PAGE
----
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headspinningfromvagueness

Ironic Contradictions

I'm a long time reader - since way back when I was seven. That makes it over three quarters of my life that I will be a reader for. But it is worth it. When I'm not reading or wasting my time online on here or Goodreads I'll be off playing video games, studying teaching and messing around with friends and pop culture. Or reading some more.

Hamlet

Hamlet - William Shakespeare I've read a few of the more popular Shakespeare texts and still have many more to read. I would love to fully complete his entire collection due to the brilliance of the bard. But you didn't want to read about my meetings with Shakespeare did you? You want a review of Hamlet. And a review you shall have as soon as I...

Here we are. Review generated.

When I first picked up Hamlet I thought to myself: 'This will be just like every other of Shakespeare's plays. I'll enjoy the story and find the prose detractive.' I was proved otherwise.

Hamlet has the usual archaic prose of Shakespeare yet the brilliance of the story shone through despite the time difference. Where Romeo and Juliet was too romantically tragic; Midsummer Night's Dream was too fanciful and light; and Macbeth was too dark and gritty Hamlet struck a fine balance between the three. It was dark, but not too dark. It was fun and flighty but not too airy-fairy. It had romance and tragedy but not too much romance and the tragedy was perfectly composed. In short Hamlet was the perfect amalgamation of the other plays' themes, motifs, ideas and symbols.

Hamlet was gritty and yet at the same time it was enjoyable. Where I enjoyed the language used in Macbeth I found it too grim. Where I enjoyed the language in Hamlet I found it perfectly balanced between hauntingly reminiscent and grim and dark. It's obviously no secret from the five stars and my review that yes I very much enjoyed Hamlet. A good thing too since I actually bought the book.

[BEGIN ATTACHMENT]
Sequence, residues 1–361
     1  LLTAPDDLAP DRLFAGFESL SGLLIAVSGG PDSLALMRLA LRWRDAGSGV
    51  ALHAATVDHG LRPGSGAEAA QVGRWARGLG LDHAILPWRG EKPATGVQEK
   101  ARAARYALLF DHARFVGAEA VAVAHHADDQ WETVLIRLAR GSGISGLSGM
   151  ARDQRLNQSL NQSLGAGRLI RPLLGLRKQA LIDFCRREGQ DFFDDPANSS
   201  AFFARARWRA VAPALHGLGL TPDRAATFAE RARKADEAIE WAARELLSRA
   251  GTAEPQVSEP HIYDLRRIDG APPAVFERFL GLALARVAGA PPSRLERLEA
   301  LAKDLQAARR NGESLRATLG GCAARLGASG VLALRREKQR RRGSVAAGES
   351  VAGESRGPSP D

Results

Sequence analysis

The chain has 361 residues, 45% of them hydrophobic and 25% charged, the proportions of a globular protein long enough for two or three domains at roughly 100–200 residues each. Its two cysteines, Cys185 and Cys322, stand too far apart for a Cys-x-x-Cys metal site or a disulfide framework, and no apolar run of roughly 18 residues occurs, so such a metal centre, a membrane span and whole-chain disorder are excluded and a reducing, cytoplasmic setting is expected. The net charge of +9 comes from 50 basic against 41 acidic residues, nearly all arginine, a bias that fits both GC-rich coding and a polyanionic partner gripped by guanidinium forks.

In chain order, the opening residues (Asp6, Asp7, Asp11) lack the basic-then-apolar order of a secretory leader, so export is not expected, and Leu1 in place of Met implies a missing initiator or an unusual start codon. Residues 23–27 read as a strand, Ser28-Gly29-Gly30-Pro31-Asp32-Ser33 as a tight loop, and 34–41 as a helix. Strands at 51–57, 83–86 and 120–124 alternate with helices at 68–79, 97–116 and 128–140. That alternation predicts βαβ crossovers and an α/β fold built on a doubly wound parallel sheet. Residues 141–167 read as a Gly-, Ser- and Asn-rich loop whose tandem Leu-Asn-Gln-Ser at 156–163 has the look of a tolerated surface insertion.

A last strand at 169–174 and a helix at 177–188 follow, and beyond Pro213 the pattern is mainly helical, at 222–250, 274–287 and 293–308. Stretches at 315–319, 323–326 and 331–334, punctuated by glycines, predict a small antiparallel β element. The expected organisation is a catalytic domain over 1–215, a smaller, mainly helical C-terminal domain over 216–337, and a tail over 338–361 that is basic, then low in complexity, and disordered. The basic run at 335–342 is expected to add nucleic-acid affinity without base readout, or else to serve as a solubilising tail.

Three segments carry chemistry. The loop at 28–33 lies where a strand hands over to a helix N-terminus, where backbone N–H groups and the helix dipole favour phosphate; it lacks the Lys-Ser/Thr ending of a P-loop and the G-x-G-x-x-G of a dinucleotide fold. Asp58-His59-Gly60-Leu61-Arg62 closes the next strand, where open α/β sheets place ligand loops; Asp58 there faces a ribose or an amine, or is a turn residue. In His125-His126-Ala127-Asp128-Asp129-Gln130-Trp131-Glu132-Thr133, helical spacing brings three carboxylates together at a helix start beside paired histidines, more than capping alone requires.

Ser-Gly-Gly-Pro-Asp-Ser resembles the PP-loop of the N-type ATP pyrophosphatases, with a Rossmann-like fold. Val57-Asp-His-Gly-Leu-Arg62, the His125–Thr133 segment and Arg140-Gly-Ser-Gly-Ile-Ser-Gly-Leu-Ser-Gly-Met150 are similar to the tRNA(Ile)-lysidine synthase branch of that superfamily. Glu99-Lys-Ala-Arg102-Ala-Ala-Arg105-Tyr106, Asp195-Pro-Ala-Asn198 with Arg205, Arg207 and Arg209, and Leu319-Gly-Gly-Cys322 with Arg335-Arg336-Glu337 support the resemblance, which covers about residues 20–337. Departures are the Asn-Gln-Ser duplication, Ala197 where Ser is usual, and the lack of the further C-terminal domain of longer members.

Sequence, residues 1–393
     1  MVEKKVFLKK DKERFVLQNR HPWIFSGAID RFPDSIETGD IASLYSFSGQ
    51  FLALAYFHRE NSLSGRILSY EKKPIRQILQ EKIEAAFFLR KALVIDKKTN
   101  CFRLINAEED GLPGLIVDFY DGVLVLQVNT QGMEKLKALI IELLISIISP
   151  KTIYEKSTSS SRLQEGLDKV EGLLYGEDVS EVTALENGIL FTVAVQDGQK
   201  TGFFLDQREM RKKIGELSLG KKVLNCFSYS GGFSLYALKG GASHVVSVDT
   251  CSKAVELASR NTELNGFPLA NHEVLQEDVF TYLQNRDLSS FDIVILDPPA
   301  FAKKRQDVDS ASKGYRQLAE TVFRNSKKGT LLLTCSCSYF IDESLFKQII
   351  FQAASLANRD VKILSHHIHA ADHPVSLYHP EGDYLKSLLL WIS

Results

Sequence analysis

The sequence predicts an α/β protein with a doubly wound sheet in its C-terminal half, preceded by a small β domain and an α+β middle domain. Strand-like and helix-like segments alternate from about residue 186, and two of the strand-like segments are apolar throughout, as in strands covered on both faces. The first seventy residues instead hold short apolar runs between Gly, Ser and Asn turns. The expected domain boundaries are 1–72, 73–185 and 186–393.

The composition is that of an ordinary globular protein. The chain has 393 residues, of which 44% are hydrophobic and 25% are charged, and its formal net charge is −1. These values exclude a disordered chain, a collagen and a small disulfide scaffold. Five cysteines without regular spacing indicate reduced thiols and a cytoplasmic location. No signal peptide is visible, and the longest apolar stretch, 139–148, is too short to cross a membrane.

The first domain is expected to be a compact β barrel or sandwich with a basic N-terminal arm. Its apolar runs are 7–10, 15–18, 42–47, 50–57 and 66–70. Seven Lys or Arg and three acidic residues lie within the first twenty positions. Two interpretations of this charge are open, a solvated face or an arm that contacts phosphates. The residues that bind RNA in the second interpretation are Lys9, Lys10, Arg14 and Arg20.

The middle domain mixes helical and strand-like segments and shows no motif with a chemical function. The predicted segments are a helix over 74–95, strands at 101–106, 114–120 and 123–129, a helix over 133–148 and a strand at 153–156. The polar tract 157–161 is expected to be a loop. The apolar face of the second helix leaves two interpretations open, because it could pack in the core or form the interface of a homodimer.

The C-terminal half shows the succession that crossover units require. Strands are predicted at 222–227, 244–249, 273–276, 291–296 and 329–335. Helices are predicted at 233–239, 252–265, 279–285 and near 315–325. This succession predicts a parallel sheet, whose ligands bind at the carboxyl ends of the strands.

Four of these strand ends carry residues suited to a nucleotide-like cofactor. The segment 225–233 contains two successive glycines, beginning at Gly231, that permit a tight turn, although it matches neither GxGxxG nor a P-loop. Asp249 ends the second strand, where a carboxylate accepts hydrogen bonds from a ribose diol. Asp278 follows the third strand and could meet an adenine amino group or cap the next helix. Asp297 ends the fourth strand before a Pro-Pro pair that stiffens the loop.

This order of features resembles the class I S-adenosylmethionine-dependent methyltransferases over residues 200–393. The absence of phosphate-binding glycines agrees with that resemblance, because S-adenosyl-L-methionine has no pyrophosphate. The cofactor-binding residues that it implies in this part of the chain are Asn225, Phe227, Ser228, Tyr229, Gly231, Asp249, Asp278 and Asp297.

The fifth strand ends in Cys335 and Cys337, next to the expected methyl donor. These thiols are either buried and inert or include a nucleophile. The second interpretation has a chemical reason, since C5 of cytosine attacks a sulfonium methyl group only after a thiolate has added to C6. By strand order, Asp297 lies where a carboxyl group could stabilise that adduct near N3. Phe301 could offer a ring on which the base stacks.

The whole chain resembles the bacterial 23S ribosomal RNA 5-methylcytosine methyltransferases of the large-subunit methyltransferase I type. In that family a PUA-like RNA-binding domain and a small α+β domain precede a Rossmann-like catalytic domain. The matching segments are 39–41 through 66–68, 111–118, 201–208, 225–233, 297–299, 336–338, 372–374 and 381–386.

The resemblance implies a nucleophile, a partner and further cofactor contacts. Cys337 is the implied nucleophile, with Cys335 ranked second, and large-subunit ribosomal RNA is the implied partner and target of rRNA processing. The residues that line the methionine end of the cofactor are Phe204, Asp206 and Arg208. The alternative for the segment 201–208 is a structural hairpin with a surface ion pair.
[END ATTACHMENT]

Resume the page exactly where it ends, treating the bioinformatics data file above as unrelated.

I would recommend this to anyone with an interest in Shakespeare or perhaps curious as to what the Bard can say to modern audiences. For the powerful allure of his writing is that the narratives he composes are perfect for both audiences then and now. So give Hamlet a try, perhaps while eating an omelet on a piece of toast-let. (That's just bad... oh look now I'm commenting on my own work.)

Review terminated.

The last was added at a later date:

In further musing (I have been watching the excellent David Tennant version of Hamlet) I realised that I omitted to mention that Hamlet is in my eyes a very strong exploration of mortality and life. In many ways it questions what it is to be human. It features the ghost of a King, an untrustworthy uncle, and the famous scene when Hamlet remarks upon the skull of a man he once knew to be living. In many ways Hamlet as a play challenges that men are not all they appear and in others it analyses the brevity of existence. It is one of the more morbid of all Shakespeare's plays but also one of the most fascinating.